Arden Farey was diagnosed with multiple sclerosis in 1971 yet describes his life as "privileged." From his wheelchair, with a paint brush manipulated by his mouth, Farey paints what he sees and feels. In this short clip, he talks about life with great insight and humility, noting that his disability has been, in some ways, a gift, forcing him to slow down and experience life in ways many others do not.

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  • Linda Prince Johnson

    My son Cameron was injured as the result of his service in Iraq. He suffered an anoxic brain injury that left him unable to communicate and a spastic quadraplegic. He lived in the VA nursing home in Menlo Park for 9 months while waiting to be discharged from the Army and he was fortunate to have Arden Farey as his next door neighbor. Arden was an inspiration to our entire family and always seemed to know when we needed a lift. We were able to watch his art taking shape every day and it was such a pleasure. Every year he designed the Christmas card sent out by his church and somewhere in my son's room is the card from the Christmas we spent there. Arden and his wife Gwen will always be a happy memory for this family.

  • Beth

    Arden,you are a great Artist and a good inspiration to all. What a great artwork and a video.Thanks for sharing your story to all.

  • Becky Karschney

    Jai shared this with us at the ICRC! What a privilege and honor to see this remarkable man! He leaves a living legacy.

  • Linnéa

    Arden and Gwen - -trying to get in touch with you -- just watched the video -- so good to see you and hear your voice, Arden. Please email.

  • Adrianna

    I just recently got diagnosed w/ Seizures-Inconclusive. Meaning my neurologists can't figure out why out of nowhere I just started getting seizures. After watching this video my day went from being filled with frustration, anger, and self-pitty; however the feelings are gone now and I'm filled with great admiration and inspiration for Arden! Like him I want to live each day to its fullest with a smile on my face! Thank You!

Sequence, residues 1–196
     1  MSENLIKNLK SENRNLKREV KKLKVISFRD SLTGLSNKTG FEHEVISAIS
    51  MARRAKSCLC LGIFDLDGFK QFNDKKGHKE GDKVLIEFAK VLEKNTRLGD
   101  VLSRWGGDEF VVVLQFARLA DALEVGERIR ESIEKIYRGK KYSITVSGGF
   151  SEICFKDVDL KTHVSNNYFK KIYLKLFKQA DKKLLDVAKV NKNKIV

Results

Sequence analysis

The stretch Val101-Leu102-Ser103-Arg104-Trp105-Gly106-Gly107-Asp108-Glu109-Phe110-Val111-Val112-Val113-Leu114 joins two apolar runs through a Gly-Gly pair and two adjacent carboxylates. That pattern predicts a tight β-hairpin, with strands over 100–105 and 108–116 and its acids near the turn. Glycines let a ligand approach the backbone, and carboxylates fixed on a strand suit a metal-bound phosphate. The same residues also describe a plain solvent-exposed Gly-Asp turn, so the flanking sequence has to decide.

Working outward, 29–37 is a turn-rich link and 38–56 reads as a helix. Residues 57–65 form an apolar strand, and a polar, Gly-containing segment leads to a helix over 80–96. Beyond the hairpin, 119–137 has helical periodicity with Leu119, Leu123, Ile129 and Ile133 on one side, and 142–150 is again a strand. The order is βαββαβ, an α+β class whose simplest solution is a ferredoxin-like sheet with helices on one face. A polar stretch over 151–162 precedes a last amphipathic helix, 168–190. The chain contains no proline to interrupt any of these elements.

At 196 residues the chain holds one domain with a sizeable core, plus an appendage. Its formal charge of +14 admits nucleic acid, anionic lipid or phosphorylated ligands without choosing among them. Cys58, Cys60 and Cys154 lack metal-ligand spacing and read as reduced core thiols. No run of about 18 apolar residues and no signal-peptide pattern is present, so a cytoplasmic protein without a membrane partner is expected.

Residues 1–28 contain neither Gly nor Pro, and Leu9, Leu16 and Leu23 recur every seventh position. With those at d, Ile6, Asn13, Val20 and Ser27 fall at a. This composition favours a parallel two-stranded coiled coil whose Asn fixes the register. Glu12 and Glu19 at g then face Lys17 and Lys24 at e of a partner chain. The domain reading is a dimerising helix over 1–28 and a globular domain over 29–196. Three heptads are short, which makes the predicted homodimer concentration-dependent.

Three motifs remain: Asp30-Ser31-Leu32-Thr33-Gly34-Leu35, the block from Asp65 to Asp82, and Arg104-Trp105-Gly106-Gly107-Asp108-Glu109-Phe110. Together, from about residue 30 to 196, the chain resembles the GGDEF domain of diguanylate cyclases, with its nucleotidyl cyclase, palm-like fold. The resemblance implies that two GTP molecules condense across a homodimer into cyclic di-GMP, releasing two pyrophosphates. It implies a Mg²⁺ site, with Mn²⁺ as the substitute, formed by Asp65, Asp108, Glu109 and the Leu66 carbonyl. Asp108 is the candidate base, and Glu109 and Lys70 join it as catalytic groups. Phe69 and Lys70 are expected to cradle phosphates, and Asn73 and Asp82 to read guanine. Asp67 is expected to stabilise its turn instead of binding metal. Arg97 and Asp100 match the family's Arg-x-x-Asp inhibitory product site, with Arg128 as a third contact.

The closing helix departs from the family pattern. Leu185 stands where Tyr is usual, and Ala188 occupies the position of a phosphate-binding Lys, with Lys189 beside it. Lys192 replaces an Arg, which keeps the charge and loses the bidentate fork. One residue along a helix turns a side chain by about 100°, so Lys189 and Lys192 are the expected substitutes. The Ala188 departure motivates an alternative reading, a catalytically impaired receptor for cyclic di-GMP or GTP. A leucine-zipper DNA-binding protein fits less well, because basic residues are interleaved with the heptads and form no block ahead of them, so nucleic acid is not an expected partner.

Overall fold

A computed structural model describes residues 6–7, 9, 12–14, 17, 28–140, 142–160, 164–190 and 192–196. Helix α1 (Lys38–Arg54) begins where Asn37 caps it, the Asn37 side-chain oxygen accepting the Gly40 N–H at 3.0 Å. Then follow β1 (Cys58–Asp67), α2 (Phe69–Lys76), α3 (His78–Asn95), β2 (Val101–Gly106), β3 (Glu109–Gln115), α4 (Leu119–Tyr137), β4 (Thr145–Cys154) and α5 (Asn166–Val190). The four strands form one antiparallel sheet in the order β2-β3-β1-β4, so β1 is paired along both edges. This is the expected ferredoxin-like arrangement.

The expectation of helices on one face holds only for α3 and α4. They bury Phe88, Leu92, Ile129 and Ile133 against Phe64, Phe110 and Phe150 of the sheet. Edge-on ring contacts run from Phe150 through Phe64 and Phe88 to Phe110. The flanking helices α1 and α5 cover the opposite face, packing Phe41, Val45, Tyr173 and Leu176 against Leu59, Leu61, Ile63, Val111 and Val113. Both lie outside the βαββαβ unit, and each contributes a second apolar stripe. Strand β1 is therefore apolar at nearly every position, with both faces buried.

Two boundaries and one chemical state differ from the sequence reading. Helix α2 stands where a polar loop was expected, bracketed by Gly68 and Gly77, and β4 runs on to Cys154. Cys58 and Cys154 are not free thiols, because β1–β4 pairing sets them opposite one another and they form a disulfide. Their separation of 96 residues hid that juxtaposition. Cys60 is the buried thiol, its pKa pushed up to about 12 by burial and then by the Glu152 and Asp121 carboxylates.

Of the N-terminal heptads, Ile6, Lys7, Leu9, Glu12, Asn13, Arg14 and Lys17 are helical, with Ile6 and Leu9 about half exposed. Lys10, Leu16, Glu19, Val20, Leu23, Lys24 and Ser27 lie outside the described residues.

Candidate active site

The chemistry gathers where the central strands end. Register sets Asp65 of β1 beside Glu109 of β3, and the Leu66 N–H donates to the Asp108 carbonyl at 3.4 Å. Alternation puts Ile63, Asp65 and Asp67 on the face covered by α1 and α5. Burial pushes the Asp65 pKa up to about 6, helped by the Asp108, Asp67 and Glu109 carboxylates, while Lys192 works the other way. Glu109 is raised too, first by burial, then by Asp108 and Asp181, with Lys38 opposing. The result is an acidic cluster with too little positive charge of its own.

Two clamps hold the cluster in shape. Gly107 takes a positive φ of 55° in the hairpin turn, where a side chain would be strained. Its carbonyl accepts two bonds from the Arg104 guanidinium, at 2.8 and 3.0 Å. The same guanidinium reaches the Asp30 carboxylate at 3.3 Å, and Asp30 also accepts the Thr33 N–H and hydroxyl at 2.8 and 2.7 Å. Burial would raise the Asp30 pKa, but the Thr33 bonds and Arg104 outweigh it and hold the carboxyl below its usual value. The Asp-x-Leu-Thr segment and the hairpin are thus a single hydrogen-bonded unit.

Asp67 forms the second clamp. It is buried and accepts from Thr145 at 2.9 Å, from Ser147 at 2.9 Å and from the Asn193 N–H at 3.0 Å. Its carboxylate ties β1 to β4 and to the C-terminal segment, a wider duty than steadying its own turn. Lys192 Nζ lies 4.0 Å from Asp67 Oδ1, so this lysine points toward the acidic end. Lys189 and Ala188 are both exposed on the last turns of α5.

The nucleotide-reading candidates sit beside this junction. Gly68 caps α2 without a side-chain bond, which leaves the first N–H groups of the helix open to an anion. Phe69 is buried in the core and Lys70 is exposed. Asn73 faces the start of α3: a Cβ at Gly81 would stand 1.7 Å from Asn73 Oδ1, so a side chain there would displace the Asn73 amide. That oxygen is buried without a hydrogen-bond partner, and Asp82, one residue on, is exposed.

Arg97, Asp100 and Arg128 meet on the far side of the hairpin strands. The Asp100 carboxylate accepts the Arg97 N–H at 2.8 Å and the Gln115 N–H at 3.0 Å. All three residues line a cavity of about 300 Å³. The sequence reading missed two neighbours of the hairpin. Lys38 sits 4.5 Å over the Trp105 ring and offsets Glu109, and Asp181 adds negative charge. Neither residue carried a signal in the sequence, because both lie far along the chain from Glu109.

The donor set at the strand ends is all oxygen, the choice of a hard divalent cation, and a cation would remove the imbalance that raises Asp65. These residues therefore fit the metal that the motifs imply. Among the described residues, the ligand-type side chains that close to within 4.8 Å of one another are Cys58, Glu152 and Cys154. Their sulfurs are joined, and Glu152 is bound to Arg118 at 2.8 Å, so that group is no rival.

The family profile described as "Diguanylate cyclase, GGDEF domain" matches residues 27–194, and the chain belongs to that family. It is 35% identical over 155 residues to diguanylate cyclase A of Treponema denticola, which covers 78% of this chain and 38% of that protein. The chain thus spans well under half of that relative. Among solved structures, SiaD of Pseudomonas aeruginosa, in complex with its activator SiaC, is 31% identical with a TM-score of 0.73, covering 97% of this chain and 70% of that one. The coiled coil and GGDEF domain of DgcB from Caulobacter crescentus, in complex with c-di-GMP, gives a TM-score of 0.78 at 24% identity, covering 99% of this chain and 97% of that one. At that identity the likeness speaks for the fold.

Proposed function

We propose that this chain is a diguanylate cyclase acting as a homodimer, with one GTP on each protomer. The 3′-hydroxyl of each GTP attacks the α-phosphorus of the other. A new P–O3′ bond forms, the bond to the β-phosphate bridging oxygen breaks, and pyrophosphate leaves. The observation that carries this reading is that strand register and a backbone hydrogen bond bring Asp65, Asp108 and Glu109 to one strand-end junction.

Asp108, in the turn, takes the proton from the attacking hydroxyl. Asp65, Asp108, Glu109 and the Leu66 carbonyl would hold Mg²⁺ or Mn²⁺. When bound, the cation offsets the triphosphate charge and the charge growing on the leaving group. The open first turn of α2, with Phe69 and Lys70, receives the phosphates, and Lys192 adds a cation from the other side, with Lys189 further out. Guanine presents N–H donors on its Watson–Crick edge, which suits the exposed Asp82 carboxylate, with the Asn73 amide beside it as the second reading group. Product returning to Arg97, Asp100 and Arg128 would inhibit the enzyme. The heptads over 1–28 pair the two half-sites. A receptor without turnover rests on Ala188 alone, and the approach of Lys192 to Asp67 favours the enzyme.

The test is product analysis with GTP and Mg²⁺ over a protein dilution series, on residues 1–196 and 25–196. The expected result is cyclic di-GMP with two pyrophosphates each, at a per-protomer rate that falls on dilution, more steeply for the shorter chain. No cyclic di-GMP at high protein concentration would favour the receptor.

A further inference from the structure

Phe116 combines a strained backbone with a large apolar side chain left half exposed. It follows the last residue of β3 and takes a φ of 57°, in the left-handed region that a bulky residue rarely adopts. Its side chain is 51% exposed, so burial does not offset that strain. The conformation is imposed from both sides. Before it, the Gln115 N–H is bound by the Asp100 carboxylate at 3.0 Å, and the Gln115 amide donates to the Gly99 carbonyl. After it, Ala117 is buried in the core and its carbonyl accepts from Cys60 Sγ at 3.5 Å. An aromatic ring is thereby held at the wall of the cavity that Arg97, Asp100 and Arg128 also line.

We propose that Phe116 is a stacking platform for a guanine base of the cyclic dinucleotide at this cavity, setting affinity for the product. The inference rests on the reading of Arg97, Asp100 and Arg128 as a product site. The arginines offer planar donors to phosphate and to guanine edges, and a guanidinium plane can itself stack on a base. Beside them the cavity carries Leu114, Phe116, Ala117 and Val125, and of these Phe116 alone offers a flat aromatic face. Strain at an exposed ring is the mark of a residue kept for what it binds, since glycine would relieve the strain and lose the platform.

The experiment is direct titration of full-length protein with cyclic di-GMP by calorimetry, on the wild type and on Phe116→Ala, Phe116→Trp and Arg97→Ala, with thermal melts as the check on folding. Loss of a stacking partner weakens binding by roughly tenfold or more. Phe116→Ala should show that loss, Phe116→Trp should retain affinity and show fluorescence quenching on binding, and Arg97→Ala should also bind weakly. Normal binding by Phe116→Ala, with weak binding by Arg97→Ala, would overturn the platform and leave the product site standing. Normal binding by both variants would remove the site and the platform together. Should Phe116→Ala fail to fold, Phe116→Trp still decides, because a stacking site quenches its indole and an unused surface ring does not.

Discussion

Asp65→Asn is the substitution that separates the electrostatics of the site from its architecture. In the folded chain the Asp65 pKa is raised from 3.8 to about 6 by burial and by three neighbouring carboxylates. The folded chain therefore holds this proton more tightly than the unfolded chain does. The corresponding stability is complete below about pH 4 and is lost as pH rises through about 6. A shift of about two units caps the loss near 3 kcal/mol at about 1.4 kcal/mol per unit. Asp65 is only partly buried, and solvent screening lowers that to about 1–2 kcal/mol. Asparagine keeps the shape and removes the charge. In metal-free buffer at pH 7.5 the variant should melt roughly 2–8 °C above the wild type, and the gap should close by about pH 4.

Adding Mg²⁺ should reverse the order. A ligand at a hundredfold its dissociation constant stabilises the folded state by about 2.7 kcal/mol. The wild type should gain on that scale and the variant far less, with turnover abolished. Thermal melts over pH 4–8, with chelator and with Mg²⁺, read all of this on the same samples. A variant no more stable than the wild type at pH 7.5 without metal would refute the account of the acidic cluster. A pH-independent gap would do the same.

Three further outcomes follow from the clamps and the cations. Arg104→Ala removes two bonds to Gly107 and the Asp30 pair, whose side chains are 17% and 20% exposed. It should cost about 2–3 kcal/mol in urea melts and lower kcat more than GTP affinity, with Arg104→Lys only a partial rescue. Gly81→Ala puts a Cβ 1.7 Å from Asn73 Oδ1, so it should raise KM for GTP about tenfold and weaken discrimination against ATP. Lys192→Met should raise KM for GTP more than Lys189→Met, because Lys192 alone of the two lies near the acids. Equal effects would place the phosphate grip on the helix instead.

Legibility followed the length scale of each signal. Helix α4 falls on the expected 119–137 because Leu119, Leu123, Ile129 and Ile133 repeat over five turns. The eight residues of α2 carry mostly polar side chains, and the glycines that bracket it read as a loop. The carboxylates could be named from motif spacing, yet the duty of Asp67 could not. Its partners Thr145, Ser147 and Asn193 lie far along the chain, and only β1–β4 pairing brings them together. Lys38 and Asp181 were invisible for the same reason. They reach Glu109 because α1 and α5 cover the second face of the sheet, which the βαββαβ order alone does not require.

• Manolis Polychronides

    A truly inspiring video with poignant and beautiful artwork, thoughtful references of thinkers and their sayings and a remarkable example of how to see the blessing in the curse and lead a meaningful life despite life's burdens. Thank you Arden for choosing to play your cards in a way that is sincerely thoughtful, politically conscious and spiritually uplifting!

  • Gurudatt Kundapurkar

    Dear Aden, You are an excellent role model for differently-abled persons. Your smiling narration almost teases the 'disability' nature inflicted on you. The major credit goes to you, Aden, for your can-do attitude but please don't forget all those who toiled with love in designing those aids which helped you to stay functional and creative. Godbless = Gurudatt, Schizophrenia Awareness Association, Pune-India

  • Just Jules

    You are truly an inspiration..I thankyou for for sharing your story..

  • dlboehner

    I too have a disability. In fact, I have two disabilities. But, I really like the comment that Mr. Farey made, "you don't choose the cards you're delt, but you choose the way you play them." I find this to be so true.

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  • Educate yourself about Multiple Sclerosis and help raise awareness by telling another friends about it.

  • Read Rudyard Kipling's inspiring poem 'If' that Arden mentions and learn to treat your triumphs and disasters with similar poise.

  • Send a note of appreciation to the filmmaker, Reiko Fujii, for bringing out subtle beauty and the spirit of everyday heroes like Arden Farey.

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